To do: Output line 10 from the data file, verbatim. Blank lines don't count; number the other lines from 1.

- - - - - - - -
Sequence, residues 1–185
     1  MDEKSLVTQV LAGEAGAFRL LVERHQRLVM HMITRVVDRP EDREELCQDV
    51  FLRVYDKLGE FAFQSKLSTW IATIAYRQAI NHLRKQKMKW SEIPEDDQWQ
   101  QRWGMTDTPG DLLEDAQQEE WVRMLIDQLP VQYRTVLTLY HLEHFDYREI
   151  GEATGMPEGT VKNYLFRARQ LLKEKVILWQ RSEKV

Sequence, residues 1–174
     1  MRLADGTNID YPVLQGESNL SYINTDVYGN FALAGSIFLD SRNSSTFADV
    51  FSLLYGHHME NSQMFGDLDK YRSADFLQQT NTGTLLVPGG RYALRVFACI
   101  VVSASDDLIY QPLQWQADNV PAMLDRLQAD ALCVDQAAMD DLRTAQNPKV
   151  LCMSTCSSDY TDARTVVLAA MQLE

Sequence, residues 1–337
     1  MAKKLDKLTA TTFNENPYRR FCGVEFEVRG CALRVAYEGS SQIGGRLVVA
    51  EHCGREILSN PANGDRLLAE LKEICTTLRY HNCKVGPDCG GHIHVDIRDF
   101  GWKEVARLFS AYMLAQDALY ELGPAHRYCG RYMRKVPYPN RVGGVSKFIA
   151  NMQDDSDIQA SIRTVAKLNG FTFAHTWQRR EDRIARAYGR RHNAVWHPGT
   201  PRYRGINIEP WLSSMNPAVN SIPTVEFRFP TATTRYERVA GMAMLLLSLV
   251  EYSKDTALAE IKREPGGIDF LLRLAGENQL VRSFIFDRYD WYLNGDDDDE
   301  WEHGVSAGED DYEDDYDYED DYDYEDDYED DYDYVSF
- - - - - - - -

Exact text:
   151  LCMSTCSSDY TDARTVVLAA MQLE